Coaches Corner: A Look At Calories

Ed: Throughout the year we’d like to bring our readers a few training, riding and lifestyle tips from Varick Olson and Elmer Colyer. Both are U.S.A. Cycling coaches and allow us to tap into a wealth of knowledge within the team.

We hope to provide a series of short articles covering different aspects of cycling over the course of the year, most likely once a month. This is a bit of a work in progress so it may change a little as we go, but we can all take the ride together and see where it goes.

I will add a tag to each of these postings for “Tips and Training” and post them on their own page “Coaches Corner” on this blog after they run.

If you have ideas, or questions you would like Varick and Elmer to address please post them to this site in the “comment'” area under the post or contact us at

CALORIES – Do We Eat Too Many?

What are calories anyway?

 A calorie is a measure of energy. Specifically it is the amount of heat energy required to raise the temperature of 1 kg (1 liter/ 33oz.) of water 10 C. The Calorie (kilocalorie) is the measure of food energy.

For example, a Clif bar has 240 calories and contains the equivalent heat energy to increase the temperature of 240 liters of water 10 C. To use this energy we need to metabolize the Clif bar, which requires oxidation. The oxidation process results in the production of free radicals. This increases the potential for cellular damage (oxidative stress).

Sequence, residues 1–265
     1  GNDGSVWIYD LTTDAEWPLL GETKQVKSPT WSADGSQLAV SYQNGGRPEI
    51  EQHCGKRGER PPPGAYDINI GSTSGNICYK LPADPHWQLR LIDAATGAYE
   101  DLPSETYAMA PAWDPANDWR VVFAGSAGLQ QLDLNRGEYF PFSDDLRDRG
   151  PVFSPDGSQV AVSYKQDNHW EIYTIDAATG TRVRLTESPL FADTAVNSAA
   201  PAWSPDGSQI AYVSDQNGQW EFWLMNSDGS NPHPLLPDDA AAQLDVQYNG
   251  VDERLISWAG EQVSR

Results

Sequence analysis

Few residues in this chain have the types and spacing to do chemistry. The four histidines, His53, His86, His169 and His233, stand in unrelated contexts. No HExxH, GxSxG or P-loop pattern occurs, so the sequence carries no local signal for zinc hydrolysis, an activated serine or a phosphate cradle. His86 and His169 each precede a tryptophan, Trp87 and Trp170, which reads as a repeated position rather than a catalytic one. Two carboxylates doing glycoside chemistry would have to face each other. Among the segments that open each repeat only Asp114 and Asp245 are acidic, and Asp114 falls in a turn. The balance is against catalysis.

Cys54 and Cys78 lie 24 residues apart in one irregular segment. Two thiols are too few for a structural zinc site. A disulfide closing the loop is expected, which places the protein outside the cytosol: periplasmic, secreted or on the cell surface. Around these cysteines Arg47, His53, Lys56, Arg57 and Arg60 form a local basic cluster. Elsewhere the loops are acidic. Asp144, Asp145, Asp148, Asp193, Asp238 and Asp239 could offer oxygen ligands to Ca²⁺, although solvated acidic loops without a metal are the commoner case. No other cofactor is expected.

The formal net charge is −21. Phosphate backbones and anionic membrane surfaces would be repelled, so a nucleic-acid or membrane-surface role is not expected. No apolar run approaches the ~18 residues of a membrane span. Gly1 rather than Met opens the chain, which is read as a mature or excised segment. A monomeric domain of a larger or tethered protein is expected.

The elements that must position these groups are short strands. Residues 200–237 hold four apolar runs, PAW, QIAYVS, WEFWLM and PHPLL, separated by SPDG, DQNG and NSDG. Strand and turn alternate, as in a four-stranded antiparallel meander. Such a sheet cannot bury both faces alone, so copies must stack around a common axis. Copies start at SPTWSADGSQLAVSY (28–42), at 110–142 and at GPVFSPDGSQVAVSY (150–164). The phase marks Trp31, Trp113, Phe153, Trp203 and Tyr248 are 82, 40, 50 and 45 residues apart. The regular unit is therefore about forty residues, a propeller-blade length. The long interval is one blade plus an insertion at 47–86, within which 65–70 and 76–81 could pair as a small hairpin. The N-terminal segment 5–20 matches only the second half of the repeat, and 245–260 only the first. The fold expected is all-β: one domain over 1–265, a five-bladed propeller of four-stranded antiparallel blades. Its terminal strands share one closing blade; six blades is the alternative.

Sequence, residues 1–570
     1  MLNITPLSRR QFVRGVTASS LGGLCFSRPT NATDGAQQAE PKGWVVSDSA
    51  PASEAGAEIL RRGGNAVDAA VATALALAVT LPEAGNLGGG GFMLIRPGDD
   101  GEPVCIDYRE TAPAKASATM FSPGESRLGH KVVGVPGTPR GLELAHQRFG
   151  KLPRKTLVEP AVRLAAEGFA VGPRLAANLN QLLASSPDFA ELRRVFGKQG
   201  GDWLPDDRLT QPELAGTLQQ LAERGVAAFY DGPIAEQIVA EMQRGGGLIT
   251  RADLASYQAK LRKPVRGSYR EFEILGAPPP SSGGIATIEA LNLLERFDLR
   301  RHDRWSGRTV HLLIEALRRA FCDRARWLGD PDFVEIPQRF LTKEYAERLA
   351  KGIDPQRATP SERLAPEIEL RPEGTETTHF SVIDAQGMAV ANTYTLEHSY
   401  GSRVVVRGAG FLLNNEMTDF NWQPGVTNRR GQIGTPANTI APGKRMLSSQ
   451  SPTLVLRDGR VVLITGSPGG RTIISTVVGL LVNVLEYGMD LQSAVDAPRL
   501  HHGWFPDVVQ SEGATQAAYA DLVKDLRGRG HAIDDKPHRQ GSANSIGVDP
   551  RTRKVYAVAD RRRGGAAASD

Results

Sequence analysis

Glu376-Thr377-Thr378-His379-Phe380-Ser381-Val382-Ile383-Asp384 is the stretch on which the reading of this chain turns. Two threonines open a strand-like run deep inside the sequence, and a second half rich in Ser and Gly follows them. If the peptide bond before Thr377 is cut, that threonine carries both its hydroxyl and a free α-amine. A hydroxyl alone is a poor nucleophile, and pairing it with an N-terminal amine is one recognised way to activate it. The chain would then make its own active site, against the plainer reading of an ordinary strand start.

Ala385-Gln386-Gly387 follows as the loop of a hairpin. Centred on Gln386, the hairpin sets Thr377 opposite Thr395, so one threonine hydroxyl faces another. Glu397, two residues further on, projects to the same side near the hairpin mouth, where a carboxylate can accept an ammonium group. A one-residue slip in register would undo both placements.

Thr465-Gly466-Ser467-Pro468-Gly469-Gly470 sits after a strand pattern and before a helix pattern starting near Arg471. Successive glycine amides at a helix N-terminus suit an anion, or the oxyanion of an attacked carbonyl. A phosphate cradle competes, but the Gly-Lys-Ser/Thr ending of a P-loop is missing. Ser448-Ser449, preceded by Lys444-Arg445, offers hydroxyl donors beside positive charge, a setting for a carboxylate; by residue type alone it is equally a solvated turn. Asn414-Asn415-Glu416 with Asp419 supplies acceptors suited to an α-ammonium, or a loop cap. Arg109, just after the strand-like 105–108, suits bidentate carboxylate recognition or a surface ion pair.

We are most likely familiar with the term free radical as a result of exercise. Any time an oxidative process occurs free radials are produced. Consequently the more calories we eat the more free radicals are produced. If the free radicals accumulate our cells under go oxidative stress and cellular damage results.

This is the basic concept which supports the notion of calorie restriction. Much has been published regarding the positive outcome of calorie restriction1,2,4,5,8,9,10. A review of the titles in these references points out the benefits of calorie restriction for the health of the arteries, heart, blood pressure and importantly for athletes mitochondria, the engines of the cells, and modulation of muscle loss associated with aging.

So how much calorie restriction is right? On the basis of current research the best diet to gain the benefits of caloric restriction is one low in saturated fats and high in whole grains, legumes, fruits and vegetables.

That is, eat a diet rich in nutrient dense foods. Your body sees a calorie. It does not ask “is this a calorie from a snicker bar or an apple?”

ALL calories are just calories and count toward your daily caloric requirement.

As endurance athletes we need to eat as many calories as we use, maintain a calorie balance of zero. This is the principle of calorie restriction for the endurance athlete. This will maintain our weight and provide the energy needed to perform well without creating oxidative stress from overeating.

 If we need to loose weight we will need a negative calorie balance, which is eating fewer calories than we use. This should only be done when we are not training hard.

We need to balance our calorie need to perform optimally. A net calorie balance of zero will prevent the symptoms of “over training” such as a feeling of tiredness and immune system stress. In this case the “over training” is over nutrition training by having a negative or positive calorie imbalance.